USWC disruptions continue as ILWU flexes power amid wage, manning gap with employers

US West Coast longshore labor is flexing its power to seek significantly higher wages and manning changes that would put two workers rather than one on some port equipment, sources said Monday, continuing a fourth day of disruptions at some marine terminals.


Several container terminals were hit with job actions in Seattle, Long Beach and Los Angeles on Monday, according to sources. While the severity of port disruptions on Monday was less than on Friday when dockworkers shut down a number of terminals along the coast from Long Beach to Seattle, the International Longshore and Warehouse Union (ILWU) and Pacific Maritime Association (PMA) are still far apart on salary and manning levels, according to four sources close to the negotiations.


One operator at a Los Angeles marine terminal said he didn’t receive any of the labor he requested from the ILWU hiring hall on Monday, adding, “We probably will idle the ship today.”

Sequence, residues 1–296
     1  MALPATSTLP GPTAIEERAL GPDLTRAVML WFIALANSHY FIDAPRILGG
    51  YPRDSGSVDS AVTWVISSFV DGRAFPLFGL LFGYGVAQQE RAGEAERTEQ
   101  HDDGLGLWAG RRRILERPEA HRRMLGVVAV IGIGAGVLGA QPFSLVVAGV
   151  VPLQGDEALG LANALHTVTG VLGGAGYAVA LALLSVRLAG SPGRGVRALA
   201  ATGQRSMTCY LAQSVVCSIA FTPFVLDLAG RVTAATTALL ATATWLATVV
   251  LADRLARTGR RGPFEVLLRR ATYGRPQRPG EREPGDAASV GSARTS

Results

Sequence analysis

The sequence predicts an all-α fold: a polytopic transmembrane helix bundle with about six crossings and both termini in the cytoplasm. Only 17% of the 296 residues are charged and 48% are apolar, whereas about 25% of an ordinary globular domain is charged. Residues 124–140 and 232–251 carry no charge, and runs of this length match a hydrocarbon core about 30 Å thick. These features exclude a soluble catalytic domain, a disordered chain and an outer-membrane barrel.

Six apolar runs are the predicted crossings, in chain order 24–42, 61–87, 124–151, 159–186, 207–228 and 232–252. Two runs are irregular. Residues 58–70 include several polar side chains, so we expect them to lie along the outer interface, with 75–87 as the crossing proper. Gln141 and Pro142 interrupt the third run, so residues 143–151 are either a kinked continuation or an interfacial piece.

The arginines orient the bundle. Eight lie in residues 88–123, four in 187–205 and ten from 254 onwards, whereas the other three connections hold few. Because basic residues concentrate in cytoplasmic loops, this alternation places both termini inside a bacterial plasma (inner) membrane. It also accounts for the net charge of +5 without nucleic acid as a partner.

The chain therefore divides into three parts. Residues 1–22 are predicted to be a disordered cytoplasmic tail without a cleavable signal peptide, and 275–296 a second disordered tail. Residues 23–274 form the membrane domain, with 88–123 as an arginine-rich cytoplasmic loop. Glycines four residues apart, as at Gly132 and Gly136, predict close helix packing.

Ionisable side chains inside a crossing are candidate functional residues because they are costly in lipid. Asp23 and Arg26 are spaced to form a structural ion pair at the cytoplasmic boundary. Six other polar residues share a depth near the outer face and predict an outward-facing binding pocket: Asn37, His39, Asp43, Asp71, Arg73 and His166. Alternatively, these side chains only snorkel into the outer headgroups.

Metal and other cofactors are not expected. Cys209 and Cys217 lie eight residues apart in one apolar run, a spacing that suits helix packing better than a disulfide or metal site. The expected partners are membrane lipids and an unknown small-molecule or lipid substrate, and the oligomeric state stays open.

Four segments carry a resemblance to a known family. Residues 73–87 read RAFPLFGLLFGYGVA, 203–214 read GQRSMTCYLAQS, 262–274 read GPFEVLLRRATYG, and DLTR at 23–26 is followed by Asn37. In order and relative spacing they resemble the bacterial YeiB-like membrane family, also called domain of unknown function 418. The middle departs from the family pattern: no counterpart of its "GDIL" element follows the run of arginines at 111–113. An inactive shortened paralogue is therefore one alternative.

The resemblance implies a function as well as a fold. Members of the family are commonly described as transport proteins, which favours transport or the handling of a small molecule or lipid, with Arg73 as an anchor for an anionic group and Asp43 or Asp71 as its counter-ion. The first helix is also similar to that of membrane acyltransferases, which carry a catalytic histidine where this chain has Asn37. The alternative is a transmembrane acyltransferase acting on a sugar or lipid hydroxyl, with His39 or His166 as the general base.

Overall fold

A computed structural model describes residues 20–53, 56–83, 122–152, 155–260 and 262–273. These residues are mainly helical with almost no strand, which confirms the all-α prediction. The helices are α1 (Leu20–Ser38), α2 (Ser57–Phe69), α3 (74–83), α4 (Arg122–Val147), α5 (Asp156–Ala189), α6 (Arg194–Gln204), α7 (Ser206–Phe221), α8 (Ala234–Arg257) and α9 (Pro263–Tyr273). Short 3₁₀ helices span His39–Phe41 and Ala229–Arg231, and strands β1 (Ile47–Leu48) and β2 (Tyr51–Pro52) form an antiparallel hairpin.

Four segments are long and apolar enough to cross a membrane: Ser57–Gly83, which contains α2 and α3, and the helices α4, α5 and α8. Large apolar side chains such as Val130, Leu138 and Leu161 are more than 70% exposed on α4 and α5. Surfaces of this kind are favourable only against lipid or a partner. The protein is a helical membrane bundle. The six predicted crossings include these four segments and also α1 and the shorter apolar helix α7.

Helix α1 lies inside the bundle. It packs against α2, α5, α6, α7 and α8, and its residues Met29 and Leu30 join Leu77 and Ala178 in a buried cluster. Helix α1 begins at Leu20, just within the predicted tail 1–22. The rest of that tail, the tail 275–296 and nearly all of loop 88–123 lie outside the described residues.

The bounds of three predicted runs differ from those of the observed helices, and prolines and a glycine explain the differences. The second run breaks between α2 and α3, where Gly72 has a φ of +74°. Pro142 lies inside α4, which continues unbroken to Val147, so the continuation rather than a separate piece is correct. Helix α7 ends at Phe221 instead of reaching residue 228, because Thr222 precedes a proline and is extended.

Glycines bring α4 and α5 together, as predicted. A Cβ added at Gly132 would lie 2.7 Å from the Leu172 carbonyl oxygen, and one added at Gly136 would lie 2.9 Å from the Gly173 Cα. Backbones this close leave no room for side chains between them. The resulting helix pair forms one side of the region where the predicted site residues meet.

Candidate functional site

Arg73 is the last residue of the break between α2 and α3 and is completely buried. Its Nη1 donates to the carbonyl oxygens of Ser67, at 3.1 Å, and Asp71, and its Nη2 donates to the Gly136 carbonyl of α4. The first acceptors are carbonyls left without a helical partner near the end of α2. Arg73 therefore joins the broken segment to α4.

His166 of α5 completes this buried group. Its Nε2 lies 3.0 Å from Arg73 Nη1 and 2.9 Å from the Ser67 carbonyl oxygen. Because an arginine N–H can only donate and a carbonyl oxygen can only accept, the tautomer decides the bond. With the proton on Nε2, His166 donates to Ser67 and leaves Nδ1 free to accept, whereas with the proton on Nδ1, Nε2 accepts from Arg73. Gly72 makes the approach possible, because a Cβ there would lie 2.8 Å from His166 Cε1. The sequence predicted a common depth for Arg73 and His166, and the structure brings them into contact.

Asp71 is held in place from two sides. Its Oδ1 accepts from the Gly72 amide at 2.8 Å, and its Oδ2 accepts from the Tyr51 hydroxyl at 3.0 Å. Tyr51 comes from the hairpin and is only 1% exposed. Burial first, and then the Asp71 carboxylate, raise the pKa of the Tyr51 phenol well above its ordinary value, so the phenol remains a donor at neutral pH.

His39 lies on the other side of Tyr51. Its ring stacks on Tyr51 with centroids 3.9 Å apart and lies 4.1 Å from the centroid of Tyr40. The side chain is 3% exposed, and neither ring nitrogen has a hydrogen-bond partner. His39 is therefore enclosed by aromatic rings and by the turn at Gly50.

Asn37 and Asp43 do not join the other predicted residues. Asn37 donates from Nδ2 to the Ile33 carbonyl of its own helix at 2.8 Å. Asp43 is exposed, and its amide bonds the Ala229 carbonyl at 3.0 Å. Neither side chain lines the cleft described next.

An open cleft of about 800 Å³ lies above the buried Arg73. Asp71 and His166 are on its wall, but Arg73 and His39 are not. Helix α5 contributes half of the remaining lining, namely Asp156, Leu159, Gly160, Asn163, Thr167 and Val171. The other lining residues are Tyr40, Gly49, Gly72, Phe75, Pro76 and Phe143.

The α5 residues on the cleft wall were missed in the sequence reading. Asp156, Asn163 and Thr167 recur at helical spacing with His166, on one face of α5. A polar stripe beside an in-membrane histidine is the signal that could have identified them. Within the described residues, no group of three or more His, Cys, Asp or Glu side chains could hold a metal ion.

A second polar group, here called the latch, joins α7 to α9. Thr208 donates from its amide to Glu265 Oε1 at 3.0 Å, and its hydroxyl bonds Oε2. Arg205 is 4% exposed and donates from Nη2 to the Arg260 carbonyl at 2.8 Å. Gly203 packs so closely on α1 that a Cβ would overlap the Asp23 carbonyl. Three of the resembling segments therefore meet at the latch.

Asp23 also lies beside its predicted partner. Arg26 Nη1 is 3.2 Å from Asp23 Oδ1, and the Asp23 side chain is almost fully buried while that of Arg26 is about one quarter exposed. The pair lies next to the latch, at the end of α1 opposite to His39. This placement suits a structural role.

A spokesperson for SSA Marine said labor gangs working four vessels in Seattle were fired on Monday because of low productivity on the cranes. SSA, which operates three terminals in Long Beach, said two of the terminals there have not worked an international ship since Saturday.


The sporadic ILWU job actions that continued over the weekend have included slowing down ship-to-shore crane productivity from the normal 25 to 26 lifts per crane per hour to about 20 lifts per hour, or even lower.


The PMA slammed the ILWU in a statement Monday for continuing “concerted and disruptive work actions.”


“Union leaders are implementing many familiar disruption tactics from their job action playbook, including refusing to dispatch workers to marine terminals, slowing operations, and making unfounded health and safety claims,” PMA said. “The ILWU’s coast-wide work actions since June 2 are forcing retailers, manufacturers and other shippers to shift cargo away from the West Coast in favor of ports on the Atlantic and Gulf coasts. Much of the diverted cargo may never return to the West Coast.”